New York police officer shot in Bronx, 16-year-old arrested

A police officer was shot in the arm and a 16-year-old arrested in the Bronx early Tuesday, officials said.

Police were looking for two other suspects in connection with the shooting just after 3 a.m., New York City Police Commissioner Keechant Sewell said.

The shooting happened while the officer and his uniformed partner were on patrol in an unmarked car in the Belmont neighborhood. Officers spotted two men and stopped to speak to them, Police Chief James Essig said.


“As they pull up, at least one man fires at least six times, hitting the windshield and our officer,” Essig said.

The wounded officer and his partner returned fire and gave chase on foot, Essig said. A 16-year-old man was arrested and a .32-caliber handgun was seized from him, the chief said.

Seconds after the first shooting, Essig said, more shots were fired, not at the officers but at the spot where the first shots were fired. Police were looking for the person who was with the 16-year-old and the person who fired the second salvo of shots.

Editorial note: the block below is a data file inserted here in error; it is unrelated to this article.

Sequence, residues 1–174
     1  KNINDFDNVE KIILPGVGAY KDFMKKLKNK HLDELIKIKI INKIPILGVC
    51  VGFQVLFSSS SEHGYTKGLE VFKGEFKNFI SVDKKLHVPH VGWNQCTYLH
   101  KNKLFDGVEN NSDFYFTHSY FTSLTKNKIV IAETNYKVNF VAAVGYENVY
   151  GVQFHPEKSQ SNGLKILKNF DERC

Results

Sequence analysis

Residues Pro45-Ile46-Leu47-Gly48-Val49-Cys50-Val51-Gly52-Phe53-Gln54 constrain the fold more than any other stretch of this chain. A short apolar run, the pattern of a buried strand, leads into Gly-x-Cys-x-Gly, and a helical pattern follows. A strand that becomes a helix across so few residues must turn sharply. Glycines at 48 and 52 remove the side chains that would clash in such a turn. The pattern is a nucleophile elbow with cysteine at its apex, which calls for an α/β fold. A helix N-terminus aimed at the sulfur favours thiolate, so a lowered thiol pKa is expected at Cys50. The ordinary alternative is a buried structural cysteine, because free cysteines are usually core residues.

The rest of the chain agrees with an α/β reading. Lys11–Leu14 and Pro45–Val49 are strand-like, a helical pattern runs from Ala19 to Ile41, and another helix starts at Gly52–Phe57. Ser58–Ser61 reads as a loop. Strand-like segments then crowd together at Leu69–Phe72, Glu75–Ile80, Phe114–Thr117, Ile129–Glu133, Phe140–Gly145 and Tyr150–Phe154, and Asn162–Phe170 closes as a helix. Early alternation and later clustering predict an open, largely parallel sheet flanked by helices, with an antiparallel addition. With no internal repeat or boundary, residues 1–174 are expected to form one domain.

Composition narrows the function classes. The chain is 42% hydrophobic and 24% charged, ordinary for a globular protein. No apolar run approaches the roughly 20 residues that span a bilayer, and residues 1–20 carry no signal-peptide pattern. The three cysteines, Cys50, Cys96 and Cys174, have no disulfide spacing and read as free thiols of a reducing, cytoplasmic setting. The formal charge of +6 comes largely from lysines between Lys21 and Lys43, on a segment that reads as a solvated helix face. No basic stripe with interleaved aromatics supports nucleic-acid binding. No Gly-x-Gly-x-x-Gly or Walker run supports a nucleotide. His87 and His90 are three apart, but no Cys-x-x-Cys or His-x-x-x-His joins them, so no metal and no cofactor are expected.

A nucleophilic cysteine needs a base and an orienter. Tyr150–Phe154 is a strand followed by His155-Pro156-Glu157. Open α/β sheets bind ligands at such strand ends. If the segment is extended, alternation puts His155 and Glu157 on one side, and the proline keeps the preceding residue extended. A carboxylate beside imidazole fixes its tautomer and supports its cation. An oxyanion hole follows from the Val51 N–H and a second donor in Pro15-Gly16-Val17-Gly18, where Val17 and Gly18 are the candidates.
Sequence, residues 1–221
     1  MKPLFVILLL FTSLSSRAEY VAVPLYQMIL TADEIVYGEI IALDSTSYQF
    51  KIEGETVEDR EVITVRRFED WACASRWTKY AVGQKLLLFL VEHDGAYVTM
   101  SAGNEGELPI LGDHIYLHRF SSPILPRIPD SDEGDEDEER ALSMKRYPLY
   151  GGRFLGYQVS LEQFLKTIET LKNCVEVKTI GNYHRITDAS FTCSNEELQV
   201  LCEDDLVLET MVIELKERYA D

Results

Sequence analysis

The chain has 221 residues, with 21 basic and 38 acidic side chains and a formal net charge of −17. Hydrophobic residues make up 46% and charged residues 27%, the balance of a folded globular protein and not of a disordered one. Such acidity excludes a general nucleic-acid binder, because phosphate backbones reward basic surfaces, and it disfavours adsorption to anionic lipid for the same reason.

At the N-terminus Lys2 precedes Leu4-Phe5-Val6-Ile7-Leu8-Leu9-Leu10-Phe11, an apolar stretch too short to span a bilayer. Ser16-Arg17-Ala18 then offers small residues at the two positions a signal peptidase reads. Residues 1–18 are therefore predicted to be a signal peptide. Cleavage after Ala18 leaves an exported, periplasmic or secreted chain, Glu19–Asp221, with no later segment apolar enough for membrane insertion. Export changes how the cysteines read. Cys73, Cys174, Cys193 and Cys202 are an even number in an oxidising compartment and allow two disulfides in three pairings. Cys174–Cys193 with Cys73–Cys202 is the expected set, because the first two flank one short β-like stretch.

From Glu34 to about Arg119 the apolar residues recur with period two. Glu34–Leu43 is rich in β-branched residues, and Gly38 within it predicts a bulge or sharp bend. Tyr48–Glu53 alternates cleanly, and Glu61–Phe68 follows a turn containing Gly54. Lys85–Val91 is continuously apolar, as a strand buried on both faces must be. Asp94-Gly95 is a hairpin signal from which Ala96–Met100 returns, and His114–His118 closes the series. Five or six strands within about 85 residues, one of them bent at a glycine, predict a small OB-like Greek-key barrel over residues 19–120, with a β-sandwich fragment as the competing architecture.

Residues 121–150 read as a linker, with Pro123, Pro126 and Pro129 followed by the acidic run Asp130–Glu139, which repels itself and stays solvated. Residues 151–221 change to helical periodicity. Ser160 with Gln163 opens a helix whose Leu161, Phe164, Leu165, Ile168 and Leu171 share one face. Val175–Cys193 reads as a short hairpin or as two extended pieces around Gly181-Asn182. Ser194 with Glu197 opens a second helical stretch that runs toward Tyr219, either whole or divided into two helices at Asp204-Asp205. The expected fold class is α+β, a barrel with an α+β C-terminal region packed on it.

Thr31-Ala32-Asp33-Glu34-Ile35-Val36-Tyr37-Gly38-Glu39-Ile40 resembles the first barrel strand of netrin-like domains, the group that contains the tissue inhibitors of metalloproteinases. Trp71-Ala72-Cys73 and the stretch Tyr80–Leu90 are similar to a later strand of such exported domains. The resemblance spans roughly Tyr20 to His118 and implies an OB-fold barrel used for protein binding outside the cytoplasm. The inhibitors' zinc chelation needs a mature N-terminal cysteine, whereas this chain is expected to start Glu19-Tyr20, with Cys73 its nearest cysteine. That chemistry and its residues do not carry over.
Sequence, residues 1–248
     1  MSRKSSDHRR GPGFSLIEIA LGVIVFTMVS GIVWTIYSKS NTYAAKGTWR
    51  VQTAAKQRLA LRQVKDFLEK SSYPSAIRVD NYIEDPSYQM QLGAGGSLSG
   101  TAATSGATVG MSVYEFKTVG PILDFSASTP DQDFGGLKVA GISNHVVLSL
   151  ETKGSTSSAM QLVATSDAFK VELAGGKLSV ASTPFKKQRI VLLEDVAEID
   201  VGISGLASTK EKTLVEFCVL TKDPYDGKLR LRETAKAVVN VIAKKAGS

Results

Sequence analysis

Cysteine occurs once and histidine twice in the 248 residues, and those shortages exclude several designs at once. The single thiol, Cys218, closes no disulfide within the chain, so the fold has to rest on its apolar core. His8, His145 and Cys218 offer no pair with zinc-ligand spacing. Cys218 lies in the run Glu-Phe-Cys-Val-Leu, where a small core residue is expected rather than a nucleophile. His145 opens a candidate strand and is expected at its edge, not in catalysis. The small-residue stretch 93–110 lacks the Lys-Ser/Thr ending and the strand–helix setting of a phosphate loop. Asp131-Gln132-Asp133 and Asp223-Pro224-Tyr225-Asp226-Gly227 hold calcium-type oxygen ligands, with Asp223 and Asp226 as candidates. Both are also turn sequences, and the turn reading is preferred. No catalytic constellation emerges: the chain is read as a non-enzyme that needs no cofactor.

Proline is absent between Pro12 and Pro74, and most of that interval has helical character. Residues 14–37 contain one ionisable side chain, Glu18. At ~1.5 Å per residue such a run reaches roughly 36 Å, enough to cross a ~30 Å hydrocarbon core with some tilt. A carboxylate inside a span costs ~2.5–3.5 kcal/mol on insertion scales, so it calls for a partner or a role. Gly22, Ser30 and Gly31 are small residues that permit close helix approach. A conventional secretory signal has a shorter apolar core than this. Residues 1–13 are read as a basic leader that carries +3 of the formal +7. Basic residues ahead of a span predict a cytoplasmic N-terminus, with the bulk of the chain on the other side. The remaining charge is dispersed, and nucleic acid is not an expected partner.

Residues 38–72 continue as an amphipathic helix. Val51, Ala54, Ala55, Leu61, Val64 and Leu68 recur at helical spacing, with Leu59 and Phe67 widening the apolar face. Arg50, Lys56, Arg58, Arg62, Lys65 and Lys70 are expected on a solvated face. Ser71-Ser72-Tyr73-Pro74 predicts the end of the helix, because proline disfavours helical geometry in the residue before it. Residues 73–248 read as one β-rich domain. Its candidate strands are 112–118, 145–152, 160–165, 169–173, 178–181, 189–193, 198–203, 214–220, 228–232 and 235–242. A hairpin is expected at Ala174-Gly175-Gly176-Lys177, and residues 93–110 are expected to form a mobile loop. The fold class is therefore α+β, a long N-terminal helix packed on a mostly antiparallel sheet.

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Sewell said her department “will stop at nothing to ensure these individuals involved in this shooting and the people who are fueling violence in this city are brought to justice.”

A New York police officer was shot in the arm in the Bronx.  A 16-year-old was arrested in connection with the shooting.

A New York police officer was shot in the arm in the Bronx. A 16-year-old was arrested in connection with the shooting.

Mayor Eric Adams, who joined police officers at a news conference at the hospital where the wounded officer was recovering, said he spoke to the officer and his family.


“He’s proud to have done his frontline work to deal with the violence that we’ve seen, particularly in the borough of the Bronx,” Adams said. The mayor, a former police officer, added: “Too many young people have too many guns in their hands. And our job is to create a way to stop that and make sure we get these guns off our streets.”

Patrick Lynch, the head of the Police Benevolent Association, praised the professionalism of the officers under fire.

“The officer who was hit and shot was still pursuing the perpetrator,” Lynch said. “His partner has been chasing the perpetrator, realizes his partner has been shot, throws him in the car. Drives, sends descriptions, calls the hospital.